“Speak Lord, for your servant is listening” (1 Samuel 3:10).
He was in the world, and the world came into being through him;
yet the world did not know him. He came to what was his own,
and his own people did not accept him. But to all who received him,
who believed in his name, he gave power to become children of God,
who were born, not of blood or of the will of the flesh
or of the will of man, but of God.
“Oh, height of human madness! wonders rare!
No place for Him! without Whom no place were.”
So mourned 17th century poet Richard Crashaw at the world’s rejection of Jesus by whom all things came to be. The rejection was about far more than one careless innkeeper not making room. The world’s rejection of its Savior was long foretold by the Hebrew prophets. Seven centuries earlier Isaiah laid out the world’s rejection of Messiah:
“He was despised and rejected by others; a man of suffering and acquainted with infirmity; and as one from whom others hid their faces he was despised, and we held him of no account. Surely he has borne our infirmities and carried our diseases; yet we accounted him stricken, struck down by God, and afflicted” (Isaiah 53:3-4).
In spite of centuries of looking for Messiah, the world tragically rejected Him when He came. The heartbreak of personal rejection, His unrequited love, brought tears to Jesus’ eyes: “How often have I desired to gather your children together as a hen gathers her brood under her wings, and you were not willing” (Matthew 23:37).
In today’s Scripture this is the first time John in his Gospel uses the crucial word “believe”, which he connects to “receiving” Jesus. Receiving Jesus is tantamount to believing in Jesus’ name. In Bible times a person’s name was far more than a tag or label. A name “captures the essence of a person.” (Dictionary of Biblical Imagery, ed. Leland Ryken, James Wilhoit, Tremper Longman III) A name signified a person’s character, essence, who the person really was. Thus, to believe in Jesus’ name is to believe He is the revelation of the Father’s essence: love. The name of Jesus reveals God’s longing to make us His children.
The Greek word pisteuo, translated “believe”, is about personal trust, not mere mental or intellectual assent. There is a world of difference between believing Paris is the capital of France, and believing in my wife. It is significant here that in John’s Gospel pisteuo is never a noun but an active verb signifying “believing into” someone. “John characteristically associates this act of faith (pisteuo) with the preposition eis which means “into, on to“. (Bruce Milne, The Message of John) Believing into Jesus joins us intimately into the very life of our Savior and God. He shares our life and we share His.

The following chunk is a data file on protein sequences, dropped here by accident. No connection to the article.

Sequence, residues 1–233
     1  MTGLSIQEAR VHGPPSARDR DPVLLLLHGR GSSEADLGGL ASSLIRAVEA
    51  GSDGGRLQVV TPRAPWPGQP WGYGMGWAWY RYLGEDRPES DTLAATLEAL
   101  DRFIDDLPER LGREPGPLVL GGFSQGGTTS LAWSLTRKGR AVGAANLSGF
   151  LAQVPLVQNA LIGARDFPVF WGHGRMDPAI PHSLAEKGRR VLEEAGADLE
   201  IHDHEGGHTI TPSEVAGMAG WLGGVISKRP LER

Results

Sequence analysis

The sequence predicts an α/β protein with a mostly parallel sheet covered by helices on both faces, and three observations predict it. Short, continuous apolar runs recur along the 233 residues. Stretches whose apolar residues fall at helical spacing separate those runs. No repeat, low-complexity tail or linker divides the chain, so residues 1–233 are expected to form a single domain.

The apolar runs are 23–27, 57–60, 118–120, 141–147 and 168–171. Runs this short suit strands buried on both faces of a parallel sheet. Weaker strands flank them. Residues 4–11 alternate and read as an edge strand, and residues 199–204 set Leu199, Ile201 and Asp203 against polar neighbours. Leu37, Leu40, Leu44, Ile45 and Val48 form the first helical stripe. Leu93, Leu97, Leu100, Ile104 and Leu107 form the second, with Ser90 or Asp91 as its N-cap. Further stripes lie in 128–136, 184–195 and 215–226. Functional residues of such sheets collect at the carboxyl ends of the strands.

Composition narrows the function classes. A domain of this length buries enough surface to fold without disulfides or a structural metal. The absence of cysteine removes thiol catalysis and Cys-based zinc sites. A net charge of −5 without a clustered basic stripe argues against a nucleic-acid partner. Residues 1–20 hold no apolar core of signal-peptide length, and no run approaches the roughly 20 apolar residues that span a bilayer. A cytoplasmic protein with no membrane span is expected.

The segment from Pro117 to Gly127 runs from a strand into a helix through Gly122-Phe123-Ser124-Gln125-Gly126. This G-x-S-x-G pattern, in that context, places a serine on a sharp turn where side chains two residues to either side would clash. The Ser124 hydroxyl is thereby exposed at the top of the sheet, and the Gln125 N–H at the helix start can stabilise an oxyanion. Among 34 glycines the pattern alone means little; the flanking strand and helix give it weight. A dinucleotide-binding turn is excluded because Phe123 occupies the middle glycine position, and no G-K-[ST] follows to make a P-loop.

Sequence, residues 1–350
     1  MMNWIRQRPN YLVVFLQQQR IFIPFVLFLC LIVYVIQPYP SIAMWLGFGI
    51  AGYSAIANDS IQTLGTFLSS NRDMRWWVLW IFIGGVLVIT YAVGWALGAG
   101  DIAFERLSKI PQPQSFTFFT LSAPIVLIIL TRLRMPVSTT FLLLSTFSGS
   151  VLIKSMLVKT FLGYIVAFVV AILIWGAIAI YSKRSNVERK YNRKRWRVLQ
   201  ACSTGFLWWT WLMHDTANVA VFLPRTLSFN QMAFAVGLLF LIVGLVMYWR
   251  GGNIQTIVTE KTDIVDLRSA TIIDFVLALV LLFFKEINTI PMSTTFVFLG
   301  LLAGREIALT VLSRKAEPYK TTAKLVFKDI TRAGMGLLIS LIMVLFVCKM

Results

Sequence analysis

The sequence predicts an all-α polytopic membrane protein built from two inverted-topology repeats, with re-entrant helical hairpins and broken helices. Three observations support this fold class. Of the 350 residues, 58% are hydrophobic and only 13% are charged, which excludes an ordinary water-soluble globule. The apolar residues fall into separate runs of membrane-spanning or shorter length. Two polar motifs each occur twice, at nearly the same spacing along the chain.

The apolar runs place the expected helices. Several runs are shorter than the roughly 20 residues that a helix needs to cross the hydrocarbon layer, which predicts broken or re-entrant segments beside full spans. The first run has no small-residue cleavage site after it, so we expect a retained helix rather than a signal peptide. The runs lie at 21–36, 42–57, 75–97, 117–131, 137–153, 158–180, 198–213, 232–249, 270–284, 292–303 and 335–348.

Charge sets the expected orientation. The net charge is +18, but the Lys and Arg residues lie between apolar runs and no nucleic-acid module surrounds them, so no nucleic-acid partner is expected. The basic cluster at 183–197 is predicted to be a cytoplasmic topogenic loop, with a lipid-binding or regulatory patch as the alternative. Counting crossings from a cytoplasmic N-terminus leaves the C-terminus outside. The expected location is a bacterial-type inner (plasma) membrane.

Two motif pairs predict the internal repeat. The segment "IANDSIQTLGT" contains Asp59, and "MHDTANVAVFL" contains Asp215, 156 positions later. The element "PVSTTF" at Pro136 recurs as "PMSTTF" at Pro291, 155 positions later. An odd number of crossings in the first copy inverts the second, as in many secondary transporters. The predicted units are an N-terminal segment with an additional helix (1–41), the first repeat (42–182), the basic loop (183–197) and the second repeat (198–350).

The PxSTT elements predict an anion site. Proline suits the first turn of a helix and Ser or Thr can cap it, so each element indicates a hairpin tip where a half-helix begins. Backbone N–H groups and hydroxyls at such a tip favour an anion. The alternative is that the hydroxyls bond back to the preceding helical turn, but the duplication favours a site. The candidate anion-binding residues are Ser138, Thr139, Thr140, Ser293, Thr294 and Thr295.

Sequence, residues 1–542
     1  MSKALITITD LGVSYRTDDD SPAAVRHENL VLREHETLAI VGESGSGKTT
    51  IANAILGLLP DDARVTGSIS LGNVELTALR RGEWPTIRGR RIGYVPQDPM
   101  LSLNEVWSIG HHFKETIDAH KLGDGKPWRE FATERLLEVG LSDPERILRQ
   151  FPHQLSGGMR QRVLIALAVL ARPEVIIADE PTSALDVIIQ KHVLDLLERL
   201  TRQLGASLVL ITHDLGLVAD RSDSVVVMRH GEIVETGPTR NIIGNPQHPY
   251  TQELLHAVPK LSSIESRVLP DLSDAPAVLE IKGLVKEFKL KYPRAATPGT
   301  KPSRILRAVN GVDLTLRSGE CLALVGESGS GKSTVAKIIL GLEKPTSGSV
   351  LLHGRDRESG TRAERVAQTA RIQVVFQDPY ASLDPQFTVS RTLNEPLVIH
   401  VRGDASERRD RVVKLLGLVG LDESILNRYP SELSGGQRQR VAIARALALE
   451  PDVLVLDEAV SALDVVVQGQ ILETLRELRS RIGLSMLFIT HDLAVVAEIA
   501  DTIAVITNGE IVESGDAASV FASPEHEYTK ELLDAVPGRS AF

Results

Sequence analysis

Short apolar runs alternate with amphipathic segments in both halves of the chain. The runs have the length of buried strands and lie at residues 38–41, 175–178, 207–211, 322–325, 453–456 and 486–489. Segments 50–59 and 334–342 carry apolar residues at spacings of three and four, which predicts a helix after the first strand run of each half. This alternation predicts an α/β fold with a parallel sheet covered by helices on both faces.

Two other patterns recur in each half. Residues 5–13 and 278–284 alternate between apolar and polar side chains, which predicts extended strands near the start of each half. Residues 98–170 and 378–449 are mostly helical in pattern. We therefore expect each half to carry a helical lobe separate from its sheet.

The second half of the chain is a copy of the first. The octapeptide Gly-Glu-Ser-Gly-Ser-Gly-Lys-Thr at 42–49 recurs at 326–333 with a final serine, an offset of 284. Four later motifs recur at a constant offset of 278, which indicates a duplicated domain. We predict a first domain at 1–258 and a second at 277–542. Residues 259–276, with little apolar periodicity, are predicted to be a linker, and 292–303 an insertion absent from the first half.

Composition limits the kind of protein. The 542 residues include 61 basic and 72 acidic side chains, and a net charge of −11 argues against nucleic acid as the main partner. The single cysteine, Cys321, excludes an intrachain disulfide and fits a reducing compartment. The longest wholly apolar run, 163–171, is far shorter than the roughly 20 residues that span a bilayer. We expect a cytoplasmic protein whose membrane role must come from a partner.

To “receive” Jesus by believing into Him signifies the most intimate of relationships. The Greek word paralambano, translated as “receive”, is the word used of Joseph when told by an angel that Mary was pregnant by the Holy Spirit; Joseph “received” her as his wife (Matthew 1:24).
I love a story my Greek professor Dr. S. Lewis Johnson used to illustrate what it means to receive and to believe into Jesus. He related the words he had heard from an African woman who testified to being a new Christian. She said excitedly, “I had heard about Jesus by the hearing of my ear, then one day I went in and sat down in my heart.” I think she really got it!
Today’s Scripture links together three important verbs: receive, believe, born. As we receive and believe we are born of God into new life. The inclusiveness of God’s good news is emphasized in the text. This new life is for all: “But to all who received him, who believed in his name, he gave power to become children of God.” On the human side we have the responsibility to receive and believe, while on the divine side God births us into divine life, “not of blood or of the will of the flesh or of the will of man, but of God.” We are God’s new creation! We have seen His glory!
- What is the significance of the “name” of Jesus?
- What would it mean for me to “believe into” Jesus?
PALMS DOWN/PALMS UP
For a moment hold your PALMS DOWN in a symbolic gesture of letting go to God your worries for the day, the busyness of the season, and expectations of the way the holidays ought to be. Release all of these concerns to God.
Next, hold your PALMS UP as a symbolic gesture of receiving God’s gifts, provision, and guidance for today.